Food & Drink

Tomatoes and wine, a delectable combination

Classic margherita pizza – the topping mirroring the colors of the Italian flag, with tomatoes, mozzarella and basil – pairs well with Italian-style wines.
Classic margherita pizza – the topping mirroring the colors of the Italian flag, with tomatoes, mozzarella and basil – pairs well with Italian-style wines. Chicago Tribune

Unlike asparagus, artichokes and arugula, notoriously challenging to pair with wine, summer tomatoes make for amiable companions with a wide range of wine styles. No significant ingredient in a dish may be more adaptable than the tomato, both in application and in pairing with wine.

The food-and-wine pairing mantra of the day – drink whatever wine you want with whatever food you want – could have been inspired by the tomato.

Nonetheless, several popular tomato dishes can be enhanced at least a bit when coupled with an especially well-suited wine, to wit:

Margherita pizza: So Italian, it’s a veritable edible version of the Italian flag – mozzarella cheese, tomatoes and basil, plus olive oil, garlic, salt and pepper. Take a cue from its Italian origins and reach for a wine modeled on Italian grapes. The Vino Noceto 2015 Shenandoah Valley Rosato di Sangiovese ($18) works with the pizza for its solid spine and refreshing fruit, while the Bray Vineyards 2015 Shenandoah Valley Barbera Rosato ($19) also has the pluck and sunny fruit to handle a version of the margherita even if it is unusually heavy on mozzarella. For something with a bit more body and spice, reach for a lighter-style zinfandel, such as the a’Campo 2014 Lodi Old Vine Zinfandel ($20).

BLT on classic white bread: As sweet and tangy as the tomatoes may be, the bacon is apt to hog the spotlight, calling for a wine rich and complex. Don’t rule out a white wine, such as the Wente Vineyards 2014 Monterey Arroyo Seco Riva Ranch Single Vineyard Chardonnay ($22), whose sweet fruit, smoky oak and pointed acidity will stand up to the bacon while not overwhelming the tomatoes. Pink wines also work well with BLT, as long as they are firmly balanced, like the rich and forward Pedroncelli 2015 Dry Creek Valley Signature Selection Dry Rosé of Zinfandel ($12) and the steely and multifaceted Quivira Vineyards 2015 Dry Creek Valley Rosé ($22), a blend of mostly grenache supplemented with mourvèdre, syrah, counoise and petite sirah.

Spaghetti with oven-roasted tomato sauce: Back to Italy we go, or at least to grapes with their origins in Italy, principally barbera, which abounds in the Sacramento region. Barbera sings with tomato-enriched dishes like few others wines, in large part for its equally tangy acidity, its ample body and its direct fruit. When an oven-roasted tomato sauce is heading for the table, grab a bottle of the Andis Wines 2014 Amador County Barbera ($25), a gold-medal wine at this summer’s California State Fair for its pep and peppery spice. For a bit more weight and tannin, the graceful and persistent Helwig Winery 2014 Amador County Barbera ($24) will fit the bill; it also won a gold medal at the California State Fair. If the marinara is vibrant with rosemary or basil, try to find a bottle of the fruity, vivacious and enticingly herbal Milliaire Winery 2014 Calaveras County “Jeunesse” Primitivo ($24), a double-gold winner at the California State Fair.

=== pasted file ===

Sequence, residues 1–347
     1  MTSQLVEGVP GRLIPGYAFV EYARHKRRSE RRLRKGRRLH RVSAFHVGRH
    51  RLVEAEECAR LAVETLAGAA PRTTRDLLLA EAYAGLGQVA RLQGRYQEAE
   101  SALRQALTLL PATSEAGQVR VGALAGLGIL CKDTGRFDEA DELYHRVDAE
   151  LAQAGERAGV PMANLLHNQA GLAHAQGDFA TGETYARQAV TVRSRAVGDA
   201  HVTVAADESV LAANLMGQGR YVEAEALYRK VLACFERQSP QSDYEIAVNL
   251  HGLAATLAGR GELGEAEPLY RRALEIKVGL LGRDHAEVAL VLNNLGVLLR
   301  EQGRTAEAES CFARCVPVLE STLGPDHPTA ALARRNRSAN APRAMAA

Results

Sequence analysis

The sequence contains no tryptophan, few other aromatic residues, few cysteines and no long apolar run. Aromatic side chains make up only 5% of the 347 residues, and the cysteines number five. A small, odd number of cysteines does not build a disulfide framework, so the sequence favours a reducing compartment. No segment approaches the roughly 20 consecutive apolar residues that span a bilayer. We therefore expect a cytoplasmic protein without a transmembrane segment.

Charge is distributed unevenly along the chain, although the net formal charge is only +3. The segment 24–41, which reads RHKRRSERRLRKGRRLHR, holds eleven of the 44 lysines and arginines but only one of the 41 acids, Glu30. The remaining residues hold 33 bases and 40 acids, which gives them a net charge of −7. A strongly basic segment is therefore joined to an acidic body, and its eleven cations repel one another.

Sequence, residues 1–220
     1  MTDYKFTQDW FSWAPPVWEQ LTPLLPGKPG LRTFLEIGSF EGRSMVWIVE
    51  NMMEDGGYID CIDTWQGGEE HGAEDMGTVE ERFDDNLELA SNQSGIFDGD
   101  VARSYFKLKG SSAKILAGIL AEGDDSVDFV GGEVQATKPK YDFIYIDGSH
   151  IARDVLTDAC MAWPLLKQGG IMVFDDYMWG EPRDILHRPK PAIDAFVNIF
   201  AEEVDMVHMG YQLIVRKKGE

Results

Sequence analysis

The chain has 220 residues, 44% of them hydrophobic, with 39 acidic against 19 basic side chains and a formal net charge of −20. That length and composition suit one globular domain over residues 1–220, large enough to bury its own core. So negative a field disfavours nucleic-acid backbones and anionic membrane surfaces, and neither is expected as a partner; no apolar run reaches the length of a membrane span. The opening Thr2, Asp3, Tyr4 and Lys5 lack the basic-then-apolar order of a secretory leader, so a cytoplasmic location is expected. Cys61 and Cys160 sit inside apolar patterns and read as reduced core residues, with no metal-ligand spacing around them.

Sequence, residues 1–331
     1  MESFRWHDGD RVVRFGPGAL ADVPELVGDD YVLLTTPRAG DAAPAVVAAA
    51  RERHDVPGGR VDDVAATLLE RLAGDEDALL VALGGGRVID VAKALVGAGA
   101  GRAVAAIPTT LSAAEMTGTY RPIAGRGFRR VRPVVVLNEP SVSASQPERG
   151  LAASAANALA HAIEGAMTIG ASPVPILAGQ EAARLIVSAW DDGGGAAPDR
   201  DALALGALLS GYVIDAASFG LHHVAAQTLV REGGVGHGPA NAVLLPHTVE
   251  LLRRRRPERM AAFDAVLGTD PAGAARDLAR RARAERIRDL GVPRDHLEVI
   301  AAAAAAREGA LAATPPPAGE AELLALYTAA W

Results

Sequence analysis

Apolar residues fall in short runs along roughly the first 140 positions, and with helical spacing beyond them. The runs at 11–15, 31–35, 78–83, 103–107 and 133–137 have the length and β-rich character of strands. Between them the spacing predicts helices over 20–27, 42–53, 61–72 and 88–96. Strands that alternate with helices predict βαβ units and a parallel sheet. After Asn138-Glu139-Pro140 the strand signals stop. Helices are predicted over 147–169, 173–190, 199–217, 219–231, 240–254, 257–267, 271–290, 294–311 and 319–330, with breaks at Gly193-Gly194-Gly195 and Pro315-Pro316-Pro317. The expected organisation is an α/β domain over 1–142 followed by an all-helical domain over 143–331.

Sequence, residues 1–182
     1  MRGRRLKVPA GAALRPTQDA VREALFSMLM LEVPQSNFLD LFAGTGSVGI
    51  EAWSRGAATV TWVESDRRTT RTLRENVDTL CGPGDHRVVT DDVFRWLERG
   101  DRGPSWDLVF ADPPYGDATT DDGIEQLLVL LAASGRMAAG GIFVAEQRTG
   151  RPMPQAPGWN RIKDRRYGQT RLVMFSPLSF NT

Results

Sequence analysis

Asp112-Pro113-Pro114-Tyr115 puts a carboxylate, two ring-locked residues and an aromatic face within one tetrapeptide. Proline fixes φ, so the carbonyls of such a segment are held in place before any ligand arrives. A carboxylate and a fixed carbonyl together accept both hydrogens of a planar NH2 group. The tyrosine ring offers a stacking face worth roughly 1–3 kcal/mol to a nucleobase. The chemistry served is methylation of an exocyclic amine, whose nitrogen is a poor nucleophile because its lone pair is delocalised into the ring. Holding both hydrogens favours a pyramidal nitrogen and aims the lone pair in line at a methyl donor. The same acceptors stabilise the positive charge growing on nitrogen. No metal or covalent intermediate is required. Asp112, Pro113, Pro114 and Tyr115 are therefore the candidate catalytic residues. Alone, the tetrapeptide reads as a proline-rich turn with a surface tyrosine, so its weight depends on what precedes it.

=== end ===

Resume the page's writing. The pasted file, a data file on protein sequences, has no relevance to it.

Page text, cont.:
Gazpacho: The first obligation of gazpacho is to be cool and refreshing, and that standard also applies to any wine poured alongside. The Mt. Beautiful 2015 North Canterbury Riesling ($22) has the energy and spine to dance gracefully with any relatively delicate take on gazpacho. For a thicker and more robust interpretation, consider either the exceptionally aromatic and complex Markus Wine Co. 2014 Lodi Nimmo ($22), an unorthodox blend of mostly kerner supplemented with gewürztraminer, riesling and bacchus, also a gold-medal wine at the California State Fair, or the fruit-packed J. Lohr Vineyards & Wines 2015 Paso Robles Gesture Viognier ($30), the best-of-show white wine at the California State Fair.

Wine critic and competition judge Mike Dunne’s selections are based solely on open and blind tastings, judging at competitions, and visits to wine regions. He can be reached at

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